There are, of course, a couple of features of this chart that are clearly not consistent with the current state of the markets. Most notable: The historical annual return of short-term government bonds over this period is 5.7%. Today, bond yields are near historic lows–and there is literally no way that short-term bonds can generate this high a level of return going forward. In addition, the prevailing opinion is that a large-cap stock index like the S&P 500 Index is not likely to come anywhere close to the 10% annual return seen in this historical period.
Even though risk and return have a proportional relationship when we look across asset classes, the “great anomaly” here is that lower-risk stocks have higher returns than higher-risk stocks. The authors of the academic study that demonstrates this effect have proposed an interesting mechanism to explain why this anomaly persists.
The Great Anomaly
Fund managers are often judged based on the level of tracking error that their funds exhibit relative to some benchmark. The S&P 500 Index is a common benchmark for domestic equity funds and the MSCI EAFE Index is a common benchmark for international stock funds. Tracking error is a statistical measure of how far the returns from a fund vary around the benchmark. Low-beta and low-volatility stocks tend to increase tracking error, so that even if a fund manager has a fairly strong belief that low-beta and low-volatility stocks are under-valued, he or she is quite likely to not add allocations to their portfolio.
I have explored the issue of low-beta/low-volatility stocks using Monte Carlo simulations. In a Monte Carlo simulation, you generate thousands of “simulated” future returns on individual assets (stocks, indexes, funds) and you also account for the relationships (or correlations) between these assets. The chart below shows the simulated long-term relationship between risk and return for a series of asset classes:
(Projected Risk vs. Return for Major Asset Classes. Source: Quantext Portfolio Planner.)
The Monte Carlo simulation used three years of historical data through January 2012 as its only input, but the projected relationship between risk and return across asset classes is remarkably similar to the 41-year history shown in the previous chart. The major difference here is that the average returns are uniformly lower for all asset classes. Short-term government bonds are projected to return 1.7% per year, far less than the 5.7% return over the 41-year history.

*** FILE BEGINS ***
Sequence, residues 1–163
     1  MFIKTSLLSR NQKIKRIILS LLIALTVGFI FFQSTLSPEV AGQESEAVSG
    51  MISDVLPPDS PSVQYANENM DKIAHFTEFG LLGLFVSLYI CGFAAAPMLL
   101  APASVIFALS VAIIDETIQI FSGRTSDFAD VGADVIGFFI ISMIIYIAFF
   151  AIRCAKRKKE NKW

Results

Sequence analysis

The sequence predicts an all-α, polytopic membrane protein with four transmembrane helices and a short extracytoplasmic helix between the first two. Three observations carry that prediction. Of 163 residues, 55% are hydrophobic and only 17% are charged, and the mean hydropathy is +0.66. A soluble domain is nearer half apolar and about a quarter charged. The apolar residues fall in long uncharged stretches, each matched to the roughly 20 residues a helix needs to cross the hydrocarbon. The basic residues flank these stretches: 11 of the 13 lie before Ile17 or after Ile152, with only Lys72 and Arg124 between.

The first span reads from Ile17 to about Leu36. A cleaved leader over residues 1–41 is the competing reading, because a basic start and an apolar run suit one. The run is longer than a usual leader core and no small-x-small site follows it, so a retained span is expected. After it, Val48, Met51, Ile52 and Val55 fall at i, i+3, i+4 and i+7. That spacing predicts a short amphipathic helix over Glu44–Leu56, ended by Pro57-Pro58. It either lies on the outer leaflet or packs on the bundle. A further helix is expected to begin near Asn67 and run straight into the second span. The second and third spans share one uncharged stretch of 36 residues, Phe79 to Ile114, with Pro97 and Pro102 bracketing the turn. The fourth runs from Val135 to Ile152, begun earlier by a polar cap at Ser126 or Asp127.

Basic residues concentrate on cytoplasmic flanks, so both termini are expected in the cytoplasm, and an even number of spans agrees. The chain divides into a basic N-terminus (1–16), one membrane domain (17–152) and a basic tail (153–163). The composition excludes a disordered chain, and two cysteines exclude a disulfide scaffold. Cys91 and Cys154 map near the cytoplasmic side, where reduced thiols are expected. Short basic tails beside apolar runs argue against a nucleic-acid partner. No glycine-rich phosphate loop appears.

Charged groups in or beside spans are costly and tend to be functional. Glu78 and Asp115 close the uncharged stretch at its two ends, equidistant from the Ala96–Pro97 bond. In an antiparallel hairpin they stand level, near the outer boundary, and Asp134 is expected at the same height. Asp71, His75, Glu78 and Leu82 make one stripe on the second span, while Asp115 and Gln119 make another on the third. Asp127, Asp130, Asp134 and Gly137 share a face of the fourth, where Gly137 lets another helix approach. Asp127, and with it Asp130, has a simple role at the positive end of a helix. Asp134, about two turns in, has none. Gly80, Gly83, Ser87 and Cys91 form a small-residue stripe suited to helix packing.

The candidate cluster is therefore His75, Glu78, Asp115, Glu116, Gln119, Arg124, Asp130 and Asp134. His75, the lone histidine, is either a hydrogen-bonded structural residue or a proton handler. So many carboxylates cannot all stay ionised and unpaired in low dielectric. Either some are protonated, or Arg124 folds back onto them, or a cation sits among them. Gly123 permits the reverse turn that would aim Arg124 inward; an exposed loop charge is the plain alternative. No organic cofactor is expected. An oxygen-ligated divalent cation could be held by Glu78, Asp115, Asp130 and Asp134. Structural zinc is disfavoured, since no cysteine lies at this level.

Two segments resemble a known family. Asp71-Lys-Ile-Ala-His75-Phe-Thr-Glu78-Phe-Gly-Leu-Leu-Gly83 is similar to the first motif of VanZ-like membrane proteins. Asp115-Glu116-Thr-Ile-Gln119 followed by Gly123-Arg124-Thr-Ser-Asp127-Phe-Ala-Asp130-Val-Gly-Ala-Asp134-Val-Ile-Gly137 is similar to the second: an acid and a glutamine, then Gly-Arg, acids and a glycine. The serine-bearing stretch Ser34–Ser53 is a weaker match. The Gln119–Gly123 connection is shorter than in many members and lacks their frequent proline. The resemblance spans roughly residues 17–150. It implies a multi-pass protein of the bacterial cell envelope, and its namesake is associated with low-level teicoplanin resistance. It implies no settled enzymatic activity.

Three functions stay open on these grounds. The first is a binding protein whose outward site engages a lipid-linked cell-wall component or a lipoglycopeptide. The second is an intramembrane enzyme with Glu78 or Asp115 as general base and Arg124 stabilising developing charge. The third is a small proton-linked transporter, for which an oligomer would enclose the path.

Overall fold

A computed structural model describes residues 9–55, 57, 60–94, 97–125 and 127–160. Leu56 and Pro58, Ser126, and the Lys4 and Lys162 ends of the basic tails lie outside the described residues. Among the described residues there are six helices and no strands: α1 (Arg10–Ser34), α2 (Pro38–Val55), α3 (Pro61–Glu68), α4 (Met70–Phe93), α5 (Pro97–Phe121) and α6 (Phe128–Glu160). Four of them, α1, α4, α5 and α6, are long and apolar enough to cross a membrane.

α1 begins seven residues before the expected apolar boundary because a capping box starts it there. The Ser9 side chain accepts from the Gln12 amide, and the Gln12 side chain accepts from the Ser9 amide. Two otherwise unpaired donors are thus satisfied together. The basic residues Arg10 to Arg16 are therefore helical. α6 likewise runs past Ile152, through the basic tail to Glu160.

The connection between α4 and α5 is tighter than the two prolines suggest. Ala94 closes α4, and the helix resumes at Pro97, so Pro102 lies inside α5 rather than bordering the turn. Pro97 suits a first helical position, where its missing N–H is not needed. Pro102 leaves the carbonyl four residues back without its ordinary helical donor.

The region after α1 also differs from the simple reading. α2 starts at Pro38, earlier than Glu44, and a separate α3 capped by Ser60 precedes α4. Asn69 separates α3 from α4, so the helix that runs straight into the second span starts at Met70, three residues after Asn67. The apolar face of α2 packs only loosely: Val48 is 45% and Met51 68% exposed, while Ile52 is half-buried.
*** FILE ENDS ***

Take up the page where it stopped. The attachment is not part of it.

When I create portfolios of low-beta/low-volatility stocks in the Monte Carlo simulations, projected returns are higher than those for a portfolio built out of stocks weighted on the basis of market capitalization, which is consistent with the research study in the Financial Analysts Journal. It is notable, however, that I do not assume that low-beta/low-volatility stocks are undervalued. These stocks’ future returns are simulated with a risk/return relationship that is the same as for all other securities. The benefit of a low-beta portfolio arises from the low correlation between these stocks. Low-beta stocks have low correlation to the broader market (beta is closely related to correlation). Stocks with a low correlation to a common benchmark also have a low correlation to each other. The low correlations between these stocks reduce risk in the portfolio, without reducing average returns. The end result? A portfolio with a higher expected return for the total portfolio risk. This is a different mechanism than the one proposed in the Financial Analysts Journal, but the magnitude of the benefit in my Monte Carlo analysis is generally consistent with the journal’s results.